Am I allowed to give a Power of Attorney to another party to act on my behalf in recovering a judgement that has been given in my favor?

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Am I allowed to give a Power of Attorney to another party to act on my behalf in recovering a judgement that has been given in my favor?

Asked on October 5, 2012 under Bankruptcy Law, Georgia

Answers:

SJZ, Member, New York Bar / FreeAdvice Contributing Attorney

Answered 8 years ago | Contributor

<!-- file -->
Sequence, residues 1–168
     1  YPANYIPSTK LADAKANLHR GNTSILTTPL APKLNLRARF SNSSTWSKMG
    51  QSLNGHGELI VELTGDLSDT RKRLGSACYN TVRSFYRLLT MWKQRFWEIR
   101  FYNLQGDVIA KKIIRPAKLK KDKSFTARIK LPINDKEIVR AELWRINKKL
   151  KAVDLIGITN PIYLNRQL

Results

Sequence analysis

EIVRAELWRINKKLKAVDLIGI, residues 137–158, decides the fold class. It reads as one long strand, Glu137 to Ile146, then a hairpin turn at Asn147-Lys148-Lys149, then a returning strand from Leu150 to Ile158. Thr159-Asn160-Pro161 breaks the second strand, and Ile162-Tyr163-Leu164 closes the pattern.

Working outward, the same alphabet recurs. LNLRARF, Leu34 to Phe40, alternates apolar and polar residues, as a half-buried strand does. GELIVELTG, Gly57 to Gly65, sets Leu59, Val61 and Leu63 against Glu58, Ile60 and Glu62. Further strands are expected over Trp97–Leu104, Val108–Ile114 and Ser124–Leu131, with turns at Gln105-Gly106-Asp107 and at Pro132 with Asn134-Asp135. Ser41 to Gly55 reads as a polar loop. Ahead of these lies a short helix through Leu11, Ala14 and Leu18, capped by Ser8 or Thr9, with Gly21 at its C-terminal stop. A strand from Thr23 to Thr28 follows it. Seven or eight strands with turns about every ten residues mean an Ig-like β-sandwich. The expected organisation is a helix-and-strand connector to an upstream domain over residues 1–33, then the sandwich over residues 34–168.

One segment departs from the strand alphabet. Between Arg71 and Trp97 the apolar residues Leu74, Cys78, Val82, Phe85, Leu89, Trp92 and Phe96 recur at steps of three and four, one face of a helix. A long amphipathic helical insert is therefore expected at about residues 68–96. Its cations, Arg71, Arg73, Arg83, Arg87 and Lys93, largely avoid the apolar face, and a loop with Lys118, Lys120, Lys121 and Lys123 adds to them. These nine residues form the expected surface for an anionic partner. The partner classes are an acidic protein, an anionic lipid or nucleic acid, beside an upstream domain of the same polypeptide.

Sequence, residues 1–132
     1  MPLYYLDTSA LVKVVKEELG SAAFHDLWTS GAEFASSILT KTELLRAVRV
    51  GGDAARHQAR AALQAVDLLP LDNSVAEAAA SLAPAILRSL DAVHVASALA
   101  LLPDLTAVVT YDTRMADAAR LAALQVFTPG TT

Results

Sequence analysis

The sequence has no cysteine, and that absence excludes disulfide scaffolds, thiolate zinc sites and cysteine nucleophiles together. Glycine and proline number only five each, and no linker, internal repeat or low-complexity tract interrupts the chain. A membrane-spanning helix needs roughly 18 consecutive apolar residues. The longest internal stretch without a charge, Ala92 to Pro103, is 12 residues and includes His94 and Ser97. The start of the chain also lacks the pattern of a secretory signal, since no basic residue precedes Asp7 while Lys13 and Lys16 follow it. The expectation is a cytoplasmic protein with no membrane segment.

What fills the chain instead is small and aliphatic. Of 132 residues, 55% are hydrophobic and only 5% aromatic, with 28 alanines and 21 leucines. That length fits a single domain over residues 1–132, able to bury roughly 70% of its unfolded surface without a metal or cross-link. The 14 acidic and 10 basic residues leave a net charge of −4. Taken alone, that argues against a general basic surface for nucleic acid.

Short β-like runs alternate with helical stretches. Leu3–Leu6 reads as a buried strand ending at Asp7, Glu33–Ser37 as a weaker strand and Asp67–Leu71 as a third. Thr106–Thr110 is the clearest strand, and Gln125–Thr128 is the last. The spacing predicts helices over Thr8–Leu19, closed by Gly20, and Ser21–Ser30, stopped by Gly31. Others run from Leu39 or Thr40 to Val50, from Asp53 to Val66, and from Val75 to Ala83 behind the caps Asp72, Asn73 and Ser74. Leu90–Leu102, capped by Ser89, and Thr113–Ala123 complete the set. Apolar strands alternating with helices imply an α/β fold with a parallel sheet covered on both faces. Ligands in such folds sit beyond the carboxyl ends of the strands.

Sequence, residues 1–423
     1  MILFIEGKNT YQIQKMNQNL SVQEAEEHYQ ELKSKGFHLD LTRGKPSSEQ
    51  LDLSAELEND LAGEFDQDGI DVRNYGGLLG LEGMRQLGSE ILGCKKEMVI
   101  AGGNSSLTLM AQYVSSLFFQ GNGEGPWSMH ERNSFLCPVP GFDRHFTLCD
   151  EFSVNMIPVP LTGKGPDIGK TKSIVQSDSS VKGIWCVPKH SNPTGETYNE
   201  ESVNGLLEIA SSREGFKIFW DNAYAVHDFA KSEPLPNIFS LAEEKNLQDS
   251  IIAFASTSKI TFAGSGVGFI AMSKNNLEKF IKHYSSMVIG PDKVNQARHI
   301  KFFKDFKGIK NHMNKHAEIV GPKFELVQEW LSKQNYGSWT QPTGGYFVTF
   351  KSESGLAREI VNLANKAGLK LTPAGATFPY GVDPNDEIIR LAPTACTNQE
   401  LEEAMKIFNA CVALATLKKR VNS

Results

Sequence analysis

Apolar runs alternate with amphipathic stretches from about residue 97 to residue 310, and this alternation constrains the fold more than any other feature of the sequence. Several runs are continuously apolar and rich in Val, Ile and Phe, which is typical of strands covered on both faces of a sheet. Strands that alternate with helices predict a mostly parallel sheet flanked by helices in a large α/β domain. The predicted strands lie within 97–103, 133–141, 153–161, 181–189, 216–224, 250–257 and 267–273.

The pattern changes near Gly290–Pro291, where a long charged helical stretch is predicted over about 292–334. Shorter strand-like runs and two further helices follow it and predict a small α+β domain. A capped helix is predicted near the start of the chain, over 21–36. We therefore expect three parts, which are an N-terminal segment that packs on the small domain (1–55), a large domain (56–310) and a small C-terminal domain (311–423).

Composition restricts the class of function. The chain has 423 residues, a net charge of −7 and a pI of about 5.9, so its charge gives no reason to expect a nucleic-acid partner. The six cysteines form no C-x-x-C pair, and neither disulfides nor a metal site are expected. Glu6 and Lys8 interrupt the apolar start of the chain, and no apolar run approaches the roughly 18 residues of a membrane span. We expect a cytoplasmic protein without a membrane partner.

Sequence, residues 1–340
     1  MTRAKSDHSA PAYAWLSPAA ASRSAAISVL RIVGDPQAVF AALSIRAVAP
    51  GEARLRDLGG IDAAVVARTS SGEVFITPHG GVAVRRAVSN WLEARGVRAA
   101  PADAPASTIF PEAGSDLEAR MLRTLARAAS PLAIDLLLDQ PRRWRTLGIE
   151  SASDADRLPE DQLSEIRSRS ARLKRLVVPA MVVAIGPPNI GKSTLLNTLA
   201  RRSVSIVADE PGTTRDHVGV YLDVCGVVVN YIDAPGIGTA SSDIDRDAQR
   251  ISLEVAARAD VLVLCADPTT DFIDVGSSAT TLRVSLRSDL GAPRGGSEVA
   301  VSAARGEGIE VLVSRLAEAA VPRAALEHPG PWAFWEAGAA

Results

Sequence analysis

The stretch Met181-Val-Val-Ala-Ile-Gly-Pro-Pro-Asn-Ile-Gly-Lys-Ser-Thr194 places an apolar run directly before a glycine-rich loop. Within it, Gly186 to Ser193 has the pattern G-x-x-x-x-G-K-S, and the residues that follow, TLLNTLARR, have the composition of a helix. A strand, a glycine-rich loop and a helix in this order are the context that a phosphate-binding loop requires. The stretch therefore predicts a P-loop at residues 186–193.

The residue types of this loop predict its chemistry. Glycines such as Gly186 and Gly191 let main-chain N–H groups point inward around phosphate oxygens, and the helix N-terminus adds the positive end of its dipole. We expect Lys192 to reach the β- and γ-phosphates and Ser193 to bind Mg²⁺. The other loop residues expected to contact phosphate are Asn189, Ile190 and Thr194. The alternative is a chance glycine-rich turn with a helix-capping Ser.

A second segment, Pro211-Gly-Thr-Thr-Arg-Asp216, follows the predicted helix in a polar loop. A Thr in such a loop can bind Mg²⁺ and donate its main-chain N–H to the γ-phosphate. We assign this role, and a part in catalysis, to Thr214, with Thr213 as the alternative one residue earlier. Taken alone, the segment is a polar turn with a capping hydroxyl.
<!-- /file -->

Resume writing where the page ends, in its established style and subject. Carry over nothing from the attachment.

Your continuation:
Yes, you may do this. A POA an authorize another person to act on your behalf in regards to any debts or judgment owed you. Just bear in mind that a Power of Attorney does not in fact make a non-lawyer into an attorney: not only will your attorney-in-fact (the person to whom you give the POA) not have the skills or experience of a lawyer, but he cannot actually file a legal action or appear in court on your behalf--only an actual lawyer, admitted to the Bar of your state, can do that. (Non-lawyers can't practice law, no matter what authority you invest them with.) Since if a lawsuit is necessary, your POA would need to hire a lawyer to represent you, you may wish to "cut out the middleman" and simply hire a lawyer specializing in collections to handle this matter for you in the first place.


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